Marko Räsänen wrote:
Fair enough, Carl. It looks like there was no basis for my concern.
On the matter of being singled out, I understand how you may get that feeling, but as far as the critique I offer is concerned, you shouldn't feel that way. First, unfortunately I don't have the time to listen to every performance posted on these lessons, but for those that I do, I don't nearly always comment, usually because I don't feel I have any advice to give. Or even if I do, I may not simply have the time at the moment. So it's always more or less random. The exception being my own class mates for whom I always try to comment something. I also tend to base my comments more on the actual performance in the recording when it comes to my class mates. For other class levels I tend to focus on hopefully helpful comments, and not compare anyone's performance to that of others, except for an occasional bravo, when someone's playing is exceptionally good, or I can see they've worked really hard.
On the specific matter of the tempo of your menuet, for me it never was the question of being too fast to suit musically, but two other things: 1) your chosen tempo was such that you couldn't play it through completely using the same tempo, and 2) on the parts that you played using faster tempo, it was too fast to play it clean, using legato articulation, which I think is very important for the menuet.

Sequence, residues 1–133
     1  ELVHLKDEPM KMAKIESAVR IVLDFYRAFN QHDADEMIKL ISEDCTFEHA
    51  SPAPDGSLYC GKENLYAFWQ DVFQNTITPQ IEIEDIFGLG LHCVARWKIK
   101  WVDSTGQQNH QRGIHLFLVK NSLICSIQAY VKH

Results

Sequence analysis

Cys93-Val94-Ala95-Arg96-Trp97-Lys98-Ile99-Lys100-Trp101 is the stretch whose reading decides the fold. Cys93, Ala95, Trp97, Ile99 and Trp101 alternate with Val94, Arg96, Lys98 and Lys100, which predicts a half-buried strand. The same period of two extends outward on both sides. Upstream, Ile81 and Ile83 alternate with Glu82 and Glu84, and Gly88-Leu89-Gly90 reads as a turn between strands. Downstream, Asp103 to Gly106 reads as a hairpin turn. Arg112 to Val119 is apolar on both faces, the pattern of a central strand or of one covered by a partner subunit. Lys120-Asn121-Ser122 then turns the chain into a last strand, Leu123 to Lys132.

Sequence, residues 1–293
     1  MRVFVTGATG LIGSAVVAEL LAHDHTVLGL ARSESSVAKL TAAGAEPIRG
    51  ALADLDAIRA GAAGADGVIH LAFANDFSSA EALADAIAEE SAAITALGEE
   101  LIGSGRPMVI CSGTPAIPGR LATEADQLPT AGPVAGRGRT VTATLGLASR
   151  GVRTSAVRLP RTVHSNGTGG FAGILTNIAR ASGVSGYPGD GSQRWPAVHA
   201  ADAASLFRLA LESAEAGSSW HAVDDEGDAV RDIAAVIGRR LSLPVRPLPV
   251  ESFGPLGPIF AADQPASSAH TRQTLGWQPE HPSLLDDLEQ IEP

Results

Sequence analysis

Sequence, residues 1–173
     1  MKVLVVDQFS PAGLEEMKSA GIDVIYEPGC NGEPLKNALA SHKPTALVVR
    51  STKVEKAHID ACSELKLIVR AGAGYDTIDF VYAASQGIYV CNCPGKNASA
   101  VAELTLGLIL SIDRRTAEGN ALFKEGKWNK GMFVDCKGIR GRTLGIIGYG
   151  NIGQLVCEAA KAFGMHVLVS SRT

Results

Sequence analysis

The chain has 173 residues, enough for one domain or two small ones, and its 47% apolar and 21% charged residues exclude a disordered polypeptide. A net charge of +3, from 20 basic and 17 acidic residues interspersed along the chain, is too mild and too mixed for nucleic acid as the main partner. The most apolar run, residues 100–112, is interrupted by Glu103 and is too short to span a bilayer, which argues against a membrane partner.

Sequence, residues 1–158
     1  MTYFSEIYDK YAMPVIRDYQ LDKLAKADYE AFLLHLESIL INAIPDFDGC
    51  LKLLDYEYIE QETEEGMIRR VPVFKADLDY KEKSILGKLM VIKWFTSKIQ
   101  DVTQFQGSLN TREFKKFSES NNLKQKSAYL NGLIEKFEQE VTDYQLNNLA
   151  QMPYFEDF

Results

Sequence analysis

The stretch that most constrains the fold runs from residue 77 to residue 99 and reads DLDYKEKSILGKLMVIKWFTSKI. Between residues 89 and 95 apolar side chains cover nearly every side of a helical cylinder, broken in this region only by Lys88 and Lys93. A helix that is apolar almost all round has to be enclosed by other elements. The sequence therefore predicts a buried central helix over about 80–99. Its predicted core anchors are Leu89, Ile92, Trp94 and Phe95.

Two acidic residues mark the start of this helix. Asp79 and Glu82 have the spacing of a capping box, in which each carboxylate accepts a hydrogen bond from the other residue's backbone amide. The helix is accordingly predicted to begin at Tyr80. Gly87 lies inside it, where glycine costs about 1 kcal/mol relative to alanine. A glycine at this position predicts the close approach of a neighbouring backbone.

As long as your technique is developing (and I think it's safe to say that will be during the remainder of all the lesson levels here; not just for you, but for every student here), it's always better to play too slow than too fast, if you're only thinking about the technical development and learning. We all do however play pieces too fast / beyond our technical abilities because most pieces will sound better that way, unless playing fast means playing sloppy. In the end I don't think it matters too much which tempo is chosen for the recording posted here. What really matters is the tempo used for practice (it should be slow enough to not learn mistakes, but fast enough to be technically challenging), but unfortunately it is from those recordings that we must infer how the player is practicing and offer criticism based on that.
You're right to ignore the tempo marking in the sheet music. Many times they're just ridiculously high, and would require the technique of a professional musician to reach. None of us are concert musicians, but I think we all want to get better in our hobby, and I think it's important to discuss the practice methods too in order to improve. I sometimes get a feeling here that very few people are willing to actually take heed of the advice given by others, probably because the advice isn't coming from a proper teacher. And it's not necessarily that they disagree with the advice, or if they do, they don't express it, just ignore the advice. Which is fine, as I understand that they really don't want any feedback. I'm not speaking of you Carl, nor any of your class mates, nor anyone in particular. Just a feeling I get in general here in the English online lessons forum. It could be just me though